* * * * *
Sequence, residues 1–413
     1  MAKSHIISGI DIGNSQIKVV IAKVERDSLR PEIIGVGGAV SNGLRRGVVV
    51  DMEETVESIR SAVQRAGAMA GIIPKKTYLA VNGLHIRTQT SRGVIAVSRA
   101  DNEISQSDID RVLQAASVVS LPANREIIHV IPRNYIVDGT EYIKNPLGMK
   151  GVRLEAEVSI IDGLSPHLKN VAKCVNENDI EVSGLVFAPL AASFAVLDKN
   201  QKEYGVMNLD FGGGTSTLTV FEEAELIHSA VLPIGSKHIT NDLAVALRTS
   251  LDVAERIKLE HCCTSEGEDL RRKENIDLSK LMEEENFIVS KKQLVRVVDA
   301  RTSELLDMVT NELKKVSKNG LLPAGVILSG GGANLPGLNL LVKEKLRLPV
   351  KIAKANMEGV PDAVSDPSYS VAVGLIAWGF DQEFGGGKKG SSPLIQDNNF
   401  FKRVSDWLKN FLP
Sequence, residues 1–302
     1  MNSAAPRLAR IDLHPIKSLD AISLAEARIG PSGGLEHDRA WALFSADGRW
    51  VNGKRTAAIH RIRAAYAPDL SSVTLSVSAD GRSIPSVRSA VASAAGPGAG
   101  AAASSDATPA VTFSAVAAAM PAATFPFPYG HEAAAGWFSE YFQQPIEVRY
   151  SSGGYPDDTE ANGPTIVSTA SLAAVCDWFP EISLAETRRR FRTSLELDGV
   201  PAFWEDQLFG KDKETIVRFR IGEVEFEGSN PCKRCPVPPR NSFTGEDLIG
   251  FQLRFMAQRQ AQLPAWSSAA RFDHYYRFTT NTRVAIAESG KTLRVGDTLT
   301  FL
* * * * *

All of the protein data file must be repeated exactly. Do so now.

Sequence, residues 1–413
     1  MAKSHIISGI DIGNSQIKVV IAKVERDSLR PEIIGVGGAV SNGLRRGVVV
    51  DMEETVESIR SAVQRAGAMA GIIPKKTYLA VNGLHIRTQT SRGVIAVSRA
   101  DNEISQSDID RVLQAASVVS LPANREIIHV IPRNYIVDGT EYIKNPLGMK
   151  GVRLEAEVSI IDGLSPHLKN VAKCVNENDI EVSGLVFAPL AASFAVLDKN
   201  QKEYGVMNLD FGGGTSTLTV FEEAELIHSA VLPIGSKHIT NDLAVALRTS
   251  LDVAERIKLE HCCTSEGEDL RRKENIDLSK LMEEENFIVS KKQLVRVVDA
   301  RTSELLDMVT NELKKVSKNG LLPAGVILSG GGANLPGLNL LVKEKLRLPV
   351  KIAKANMEGV PDAVSDPSYS VAVGLIAWGF DQEFGGGKKG SSPLIQDNNF
   401  FKRVSDWLKN FLP
Sequence, residues 1–302
     1  MNSAAPRLAR IDLHPIKSLD AISLAEARIG PSGGLEHDRA WALFSADGRW
    51  VNGKRTAAIH RIRAAYAPDL SSVTLSVSAD GRSIPSVRSA VASAAGPGAG
   101  AAASSDATPA VTFSAVAAAM PAATFPFPYG HEAAAGWFSE YFQQPIEVRY
   151  SSGGYPDDTE ANGPTIVSTA SLAAVCDWFP EISLAETRRR FRTSLELDGV
   201  PAFWEDQLFG KDKETIVRFR IGEVEFEGSN PCKRCPVPPR NSFTGEDLIG
   251  FQLRFMAQRQ AQLPAWSSAA RFDHYYRFTT NTRVAIAESG KTLRVGDTLT
   301  FL